Perhaps you’ve heard…what happens in Vegas, stays on Facebook!
Does anyone remember what the internet was like before Facebook arrived in 2004? The creators of Facebook have stated that their goal was to create a richer, faster way for people to share information about the daily activities of their lives and what was happening around them. It didn’t take long for the concept to catch on because by December that first year, one million people had created their Facebook page. In just five years, Facebook users climbed to 200 million (1) and today its population would make it the world’s largest country, well ahead of the United States in 8th place (2). It’s no surprise that Facebook remains #1 among the top 15 most popular social networking sites (3), with an average 936 million daily active users (4).
While it can be argued that Facebook has been leading the social media revolution, there is no shortage of other social networking sites, social messaging platforms and video-sharing sites with staggering user statistics. Consider just these examples:
Twitter – 500 million tweets per day (5)
Instagram – 300 million monthly active users (6)
LinkedIn – 2 new members every second (2)
YouTube – 1 billion users each month and 300 hours of video uploaded every minute, now the 2nd largest search engine in the world (7)
We just can’t help but publish ourselves and socialize online.
When we post something online, it’s all too natural to feel as though our audience is just our friends. It’s easy to forget that, in reality, the whole world could be taking a look into our actions. This is part of the reason why today’s rich social media environment, along with unprecedented access to personal information, is optimal for obtaining useful information for investigating claims and combating fraud through social media investigations.
As some have found out the hard way, setting a Facebook profile to “private” does not entitle a person to a greater expectation of privacy or act as a shield to discovery, a ruling which is increasing by the numbers in courts across the country. Consider a recent Florida case involving a large Sedgwick client. The Plaintiff in this case made a personal injury claim from an alleged slip and fall. Counsel sought to compel the production of photographs posted to the Plaintiff’s Facebook account and provided the trial court with evidence from video surveillance showing the Plaintiff participating in activities which called into question the true extent of the Plaintiff’s injuries. The Plaintiff objected, claiming that her Facebook settings were set to private and therefore the court’s order unconstitutionally invaded her right to privacy and violated the Federal Stored Communications Act (SCA), 18 U.S.C. §§ 2701-271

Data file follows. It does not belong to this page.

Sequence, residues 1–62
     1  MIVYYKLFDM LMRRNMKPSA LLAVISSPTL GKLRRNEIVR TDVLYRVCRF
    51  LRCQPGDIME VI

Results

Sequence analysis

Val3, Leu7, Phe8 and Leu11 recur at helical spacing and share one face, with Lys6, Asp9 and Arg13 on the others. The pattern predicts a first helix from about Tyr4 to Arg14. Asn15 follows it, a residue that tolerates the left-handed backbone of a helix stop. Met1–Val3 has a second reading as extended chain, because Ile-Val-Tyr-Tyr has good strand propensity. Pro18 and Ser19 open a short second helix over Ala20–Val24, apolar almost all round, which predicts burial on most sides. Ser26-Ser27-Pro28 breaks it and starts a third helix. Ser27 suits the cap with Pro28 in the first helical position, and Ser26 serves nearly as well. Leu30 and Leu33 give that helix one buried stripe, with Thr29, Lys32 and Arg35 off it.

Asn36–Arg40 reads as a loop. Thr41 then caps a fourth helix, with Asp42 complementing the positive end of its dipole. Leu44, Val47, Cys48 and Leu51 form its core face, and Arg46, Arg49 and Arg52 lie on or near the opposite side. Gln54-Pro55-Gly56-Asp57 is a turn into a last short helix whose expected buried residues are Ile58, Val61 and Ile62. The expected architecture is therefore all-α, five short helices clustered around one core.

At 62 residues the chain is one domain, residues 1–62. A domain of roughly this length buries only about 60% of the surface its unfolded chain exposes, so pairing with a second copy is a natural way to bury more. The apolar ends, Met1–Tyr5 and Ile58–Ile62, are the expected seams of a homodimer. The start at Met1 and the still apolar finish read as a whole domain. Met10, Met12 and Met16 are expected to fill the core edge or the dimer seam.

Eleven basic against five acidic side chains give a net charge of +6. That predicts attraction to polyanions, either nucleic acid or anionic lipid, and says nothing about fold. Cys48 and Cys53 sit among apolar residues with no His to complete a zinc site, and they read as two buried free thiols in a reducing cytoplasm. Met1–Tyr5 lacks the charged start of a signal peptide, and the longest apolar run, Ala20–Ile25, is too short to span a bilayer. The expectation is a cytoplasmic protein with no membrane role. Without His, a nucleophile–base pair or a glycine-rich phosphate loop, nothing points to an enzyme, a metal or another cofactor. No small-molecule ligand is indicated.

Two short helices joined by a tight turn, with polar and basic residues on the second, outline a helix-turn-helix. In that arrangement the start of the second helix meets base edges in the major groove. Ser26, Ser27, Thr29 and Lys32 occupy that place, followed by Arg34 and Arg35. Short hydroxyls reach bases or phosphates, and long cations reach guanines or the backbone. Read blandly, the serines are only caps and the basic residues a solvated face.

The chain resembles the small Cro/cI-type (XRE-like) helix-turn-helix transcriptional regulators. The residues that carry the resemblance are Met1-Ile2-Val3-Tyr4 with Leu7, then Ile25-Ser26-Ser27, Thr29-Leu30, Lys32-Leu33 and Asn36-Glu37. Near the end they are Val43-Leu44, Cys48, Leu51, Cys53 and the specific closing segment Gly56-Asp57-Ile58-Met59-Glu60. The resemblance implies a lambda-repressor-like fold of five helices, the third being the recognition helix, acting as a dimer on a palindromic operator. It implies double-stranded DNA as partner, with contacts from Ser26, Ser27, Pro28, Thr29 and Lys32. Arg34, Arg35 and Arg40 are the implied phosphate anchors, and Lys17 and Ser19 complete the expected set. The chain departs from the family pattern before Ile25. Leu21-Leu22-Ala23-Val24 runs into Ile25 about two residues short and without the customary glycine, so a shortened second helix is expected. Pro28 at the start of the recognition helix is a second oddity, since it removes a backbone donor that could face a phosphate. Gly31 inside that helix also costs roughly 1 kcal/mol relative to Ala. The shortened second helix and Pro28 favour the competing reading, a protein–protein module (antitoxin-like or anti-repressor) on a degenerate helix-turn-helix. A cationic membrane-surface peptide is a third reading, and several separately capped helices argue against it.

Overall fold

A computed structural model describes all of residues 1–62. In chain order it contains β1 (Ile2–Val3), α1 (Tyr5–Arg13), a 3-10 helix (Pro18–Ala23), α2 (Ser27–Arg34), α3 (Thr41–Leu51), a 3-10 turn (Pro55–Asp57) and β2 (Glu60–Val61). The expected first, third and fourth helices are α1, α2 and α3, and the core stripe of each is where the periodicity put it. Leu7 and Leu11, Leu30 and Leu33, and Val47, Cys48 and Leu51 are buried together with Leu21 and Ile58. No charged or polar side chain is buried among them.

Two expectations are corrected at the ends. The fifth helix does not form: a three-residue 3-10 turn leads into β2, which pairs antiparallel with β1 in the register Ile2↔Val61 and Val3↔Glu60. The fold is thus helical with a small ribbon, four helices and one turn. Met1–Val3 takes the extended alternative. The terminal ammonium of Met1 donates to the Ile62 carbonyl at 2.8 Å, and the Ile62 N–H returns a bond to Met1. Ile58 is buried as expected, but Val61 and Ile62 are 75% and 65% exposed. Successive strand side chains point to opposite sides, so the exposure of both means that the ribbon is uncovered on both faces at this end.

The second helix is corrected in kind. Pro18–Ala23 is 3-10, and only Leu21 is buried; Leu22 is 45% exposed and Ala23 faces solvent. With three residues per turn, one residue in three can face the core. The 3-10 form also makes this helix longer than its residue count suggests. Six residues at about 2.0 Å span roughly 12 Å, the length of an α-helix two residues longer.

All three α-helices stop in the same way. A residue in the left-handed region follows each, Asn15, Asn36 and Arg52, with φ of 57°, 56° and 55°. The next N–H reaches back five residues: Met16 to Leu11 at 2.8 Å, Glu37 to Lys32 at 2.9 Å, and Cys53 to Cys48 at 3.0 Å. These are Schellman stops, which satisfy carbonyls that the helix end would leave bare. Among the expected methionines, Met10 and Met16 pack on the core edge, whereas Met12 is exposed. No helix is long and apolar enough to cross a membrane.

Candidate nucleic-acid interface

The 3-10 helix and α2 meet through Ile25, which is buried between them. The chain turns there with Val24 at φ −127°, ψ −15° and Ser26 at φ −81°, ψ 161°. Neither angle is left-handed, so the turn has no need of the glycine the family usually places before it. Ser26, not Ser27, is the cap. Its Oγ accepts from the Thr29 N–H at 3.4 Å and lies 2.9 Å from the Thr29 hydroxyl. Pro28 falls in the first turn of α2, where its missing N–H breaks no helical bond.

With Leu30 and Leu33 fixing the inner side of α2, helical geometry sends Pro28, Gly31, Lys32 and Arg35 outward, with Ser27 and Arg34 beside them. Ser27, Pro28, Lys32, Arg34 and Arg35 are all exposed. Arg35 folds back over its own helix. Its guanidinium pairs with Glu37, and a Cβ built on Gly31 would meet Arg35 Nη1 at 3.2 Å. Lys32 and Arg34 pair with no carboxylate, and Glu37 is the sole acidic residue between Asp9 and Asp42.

However, the court overruled the Plaintiff’s objections stating that “before the right to privacy attaches, there must exist a legitimate expectation of privacy” and “…the photographs posted on a social networking site are neither privileged nor protected by any right of privacy, regardless of any privacy settings that the user may have established.”
As for the Stored Communications Act (SCA), 18 U.S.C. §§ 2701-271, the Court further stated: “The act does not apply to individuals who use the communications services provided” and “does not preclude civil discovery of a party’s electronically stored communications which remain within the party’s control even if they are maintained by a non-party service provider.” (8)
The fact is this: we understand each injured employee or claimant is a real person with some level of crisis in his or her life. Our colleagues’ goal is first and foremost to help make things right for these individuals; however, we also are required to follow applicable laws and protect our clients from fraud. When fraud is suspected, a social media investigation can be effective in identifying activities or behaviors that shed light on the extent of injuries and provide leads for further investigation. The internet is a real place (mostly), and while there’s no “magic bullet” to finding what’s out there, engaging professional services operating within legal guidelines is beneficial to finding, securing and verifying the facts, images and metadata shared across the internet.
What are your thoughts regarding the use of social media investigations for identifying and preventing fraud? Is there a line that should not be crossed?
Linda Wisneski, VP, SIU Operations
Sedgwick SIU adheres to all copyright, privacy and pretexting laws when conducting social media investigations and securing social media content.